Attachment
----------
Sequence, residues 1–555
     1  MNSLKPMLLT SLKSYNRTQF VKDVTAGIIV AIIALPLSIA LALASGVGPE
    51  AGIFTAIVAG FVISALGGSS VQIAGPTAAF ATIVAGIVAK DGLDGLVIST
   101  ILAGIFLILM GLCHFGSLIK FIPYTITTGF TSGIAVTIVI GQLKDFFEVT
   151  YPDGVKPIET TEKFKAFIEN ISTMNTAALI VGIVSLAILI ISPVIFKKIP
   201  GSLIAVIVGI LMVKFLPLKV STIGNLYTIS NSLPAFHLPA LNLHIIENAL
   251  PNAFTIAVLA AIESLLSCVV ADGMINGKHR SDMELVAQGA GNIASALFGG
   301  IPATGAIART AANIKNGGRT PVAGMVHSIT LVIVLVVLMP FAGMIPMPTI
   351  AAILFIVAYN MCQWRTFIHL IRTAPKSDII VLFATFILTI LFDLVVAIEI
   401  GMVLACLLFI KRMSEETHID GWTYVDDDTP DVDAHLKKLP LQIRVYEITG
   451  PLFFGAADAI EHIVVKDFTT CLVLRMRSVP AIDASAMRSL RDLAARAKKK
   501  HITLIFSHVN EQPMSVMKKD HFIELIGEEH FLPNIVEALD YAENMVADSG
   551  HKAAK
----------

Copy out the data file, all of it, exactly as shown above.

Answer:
Sequence, residues 1–555
     1  MNSLKPMLLT SLKSYNRTQF VKDVTAGIIV AIIALPLSIA LALASGVGPE
    51  AGIFTAIVAG FVISALGGSS VQIAGPTAAF ATIVAGIVAK DGLDGLVIST
   101  ILAGIFLILM GLCHFGSLIK FIPYTITTGF TSGIAVTIVI GQLKDFFEVT
   151  YPDGVKPIET TEKFKAFIEN ISTMNTAALI VGIVSLAILI ISPVIFKKIP
   201  GSLIAVIVGI LMVKFLPLKV STIGNLYTIS NSLPAFHLPA LNLHIIENAL
   251  PNAFTIAVLA AIESLLSCVV ADGMINGKHR SDMELVAQGA GNIASALFGG
   301  IPATGAIART AANIKNGGRT PVAGMVHSIT LVIVLVVLMP FAGMIPMPTI
   351  AAILFIVAYN MCQWRTFIHL IRTAPKSDII VLFATFILTI LFDLVVAIEI
   401  GMVLACLLFI KRMSEETHID GWTYVDDDTP DVDAHLKKLP LQIRVYEITG
   451  PLFFGAADAI EHIVVKDFTT CLVLRMRSVP AIDASAMRSL RDLAARAKKK
   501  HITLIFSHVN EQPMSVMKKD HFIELIGEEH FLPNIVEALD YAENMVADSG
   551  HKAAK